To finish up the Siem Reap leg, let me tell you about a circus we saw. It’s called Phare, and describes itself thusly.
Uniquely Cambodian. Daringly Modern. More than just a circus, Phare, the Cambodian Circus performers use theater, music, dance and modern circus arts to tell uniquely Cambodian stories; historical, folk and modern.
The artists are all graduates of an NGO school, which is where the proceeds from the performances go.
Phare artists are graduates of Phare Ponleu Selpak, an NGO school and professional arts training center in Battambang, Cambodia.
Phare Ponleu Selpak (PPSA)
PPSA was founded in 1994 by nine young Cambodian men returning home from a refugee camp after the fall of the Khmer Rouge. At the camp they took drawing classes and found art to be a powerful tool for healing. When they returned home they began offering free drawing classes to street children. Soon they opened a school, eventually offering formal K-12 education and professional arts training in the areas of visual arts (illustration, painting, graphic design, and animation), theater, music, dance, and circus. Today more than 1,200 pupils attend the public school daily and 500 attend the vocational arts training programs. All programs are offered for free.
It was a circus in the Cirque du Soleil style, I guess, though it feels like there’s got to be a better term for that since Cirque didn’t invent it. But I digress. The performers acted out the story of a young girl whose family (and homeland) was brutalized by the Khmer Rouge and later took solace in the healing power of art and the joy of teaching others. It was a bit tricky to photograph, but that didn’t stop me from trying! Continue reading
Greetings from Hanoi. It’s a lovely day here, a nice cool eighty-two degrees. Perfect for, say, a stroll along a tree-lined boulevard next to the lake.
The French left their mark on this city.
We arrived here yesterday on a late flight from Siem Reap, Cambodia. Siem Reap is next to the Angkor complex containing among other things Angkor Wat
. Angkor was the seat of the once-mighty Khmer empire, and a thousand years ago was home to a million people. Nowadays it’s known for the temple at Angkor Wat, which is a UNESCO world heritage site and the largest religious monument on the planet. Originally a Hindu temple, as well as the mausoleum of the king who oversaw its construction, it gradually turned into a Buddhist temple as the Khmer people began to favor Buddhism themselves.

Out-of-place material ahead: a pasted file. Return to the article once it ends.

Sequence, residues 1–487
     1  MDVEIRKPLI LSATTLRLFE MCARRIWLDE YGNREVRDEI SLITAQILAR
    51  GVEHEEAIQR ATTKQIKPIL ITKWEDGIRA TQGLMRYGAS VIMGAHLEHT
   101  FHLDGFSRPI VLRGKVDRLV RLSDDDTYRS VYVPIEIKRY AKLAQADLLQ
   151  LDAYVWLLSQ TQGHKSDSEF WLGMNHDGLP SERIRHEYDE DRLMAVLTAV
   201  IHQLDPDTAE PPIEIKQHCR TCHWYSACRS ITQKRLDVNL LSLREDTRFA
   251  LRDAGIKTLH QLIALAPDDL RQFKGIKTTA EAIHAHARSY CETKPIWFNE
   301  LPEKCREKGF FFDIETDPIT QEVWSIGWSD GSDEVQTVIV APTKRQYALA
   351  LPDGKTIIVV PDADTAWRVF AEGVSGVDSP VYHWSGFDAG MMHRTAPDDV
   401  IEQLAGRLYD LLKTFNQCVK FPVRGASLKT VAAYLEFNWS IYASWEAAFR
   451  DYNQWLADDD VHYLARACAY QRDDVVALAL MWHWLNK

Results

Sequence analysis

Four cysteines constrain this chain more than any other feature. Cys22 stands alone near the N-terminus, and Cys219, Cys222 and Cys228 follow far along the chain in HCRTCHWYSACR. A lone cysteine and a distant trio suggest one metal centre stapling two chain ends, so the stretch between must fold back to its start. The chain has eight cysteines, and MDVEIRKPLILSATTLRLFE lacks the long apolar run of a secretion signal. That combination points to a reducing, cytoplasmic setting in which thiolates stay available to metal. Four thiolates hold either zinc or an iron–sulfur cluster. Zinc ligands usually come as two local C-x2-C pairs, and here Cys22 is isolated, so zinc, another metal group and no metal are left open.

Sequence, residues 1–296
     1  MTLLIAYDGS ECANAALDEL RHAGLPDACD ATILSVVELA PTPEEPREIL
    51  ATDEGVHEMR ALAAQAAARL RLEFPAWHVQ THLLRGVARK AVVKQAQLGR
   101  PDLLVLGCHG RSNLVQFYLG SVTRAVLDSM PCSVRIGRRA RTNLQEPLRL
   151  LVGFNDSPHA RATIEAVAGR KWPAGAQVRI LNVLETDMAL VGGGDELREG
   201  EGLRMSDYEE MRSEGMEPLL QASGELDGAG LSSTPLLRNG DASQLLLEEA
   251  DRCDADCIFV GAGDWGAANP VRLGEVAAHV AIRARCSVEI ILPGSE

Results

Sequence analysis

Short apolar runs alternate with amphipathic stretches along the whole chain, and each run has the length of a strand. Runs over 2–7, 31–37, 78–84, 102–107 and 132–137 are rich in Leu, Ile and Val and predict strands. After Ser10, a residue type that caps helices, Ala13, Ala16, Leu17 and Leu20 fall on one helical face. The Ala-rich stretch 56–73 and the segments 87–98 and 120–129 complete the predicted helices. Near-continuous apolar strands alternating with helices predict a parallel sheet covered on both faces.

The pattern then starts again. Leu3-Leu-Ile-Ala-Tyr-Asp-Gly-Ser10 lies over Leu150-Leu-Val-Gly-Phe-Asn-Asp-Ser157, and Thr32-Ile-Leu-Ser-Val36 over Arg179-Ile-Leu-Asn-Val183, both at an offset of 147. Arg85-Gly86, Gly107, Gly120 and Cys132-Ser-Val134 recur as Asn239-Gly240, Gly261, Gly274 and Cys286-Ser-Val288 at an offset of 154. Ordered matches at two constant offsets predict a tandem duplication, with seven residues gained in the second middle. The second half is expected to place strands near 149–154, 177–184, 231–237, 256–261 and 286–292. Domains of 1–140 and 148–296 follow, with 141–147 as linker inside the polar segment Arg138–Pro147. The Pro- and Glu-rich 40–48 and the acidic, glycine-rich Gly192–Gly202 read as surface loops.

And of course it’s really amazing.
Greetings from a cafe named Dexter, probably not after the serial killer.
Yesterday we went to the Bangkok Art & Culture Center (BACC), which will apparently like your posts on Instagram if you tag them there. It seemed to be, essentially, a modern art museum without any permanent exhibits from the new masters. It had some pretty cool stuff! And it was for the most part cultural art, which I guess makes sense when you consider the name.
Much of the Center’s offerings were dedicated to the late King Bhumibol Adulyadej, who was very, very popular around these parts. Very very. I don’t know as much about him as I should, but might very well pick up a book on him. Trying to understand Thailand very well, without understanding Bhumibol, seems pretty impossible.
Anyway, he died in October, and they’re still officially in mourning. The very front of the museum, right at the big National Stadium rail stop, featured the exhibit 5 Graffiti Artists in Remembrance of H.M. King Bhumibol.
Pretty cool stuff. I recognized a couple of the artists from their works around town. Continue reading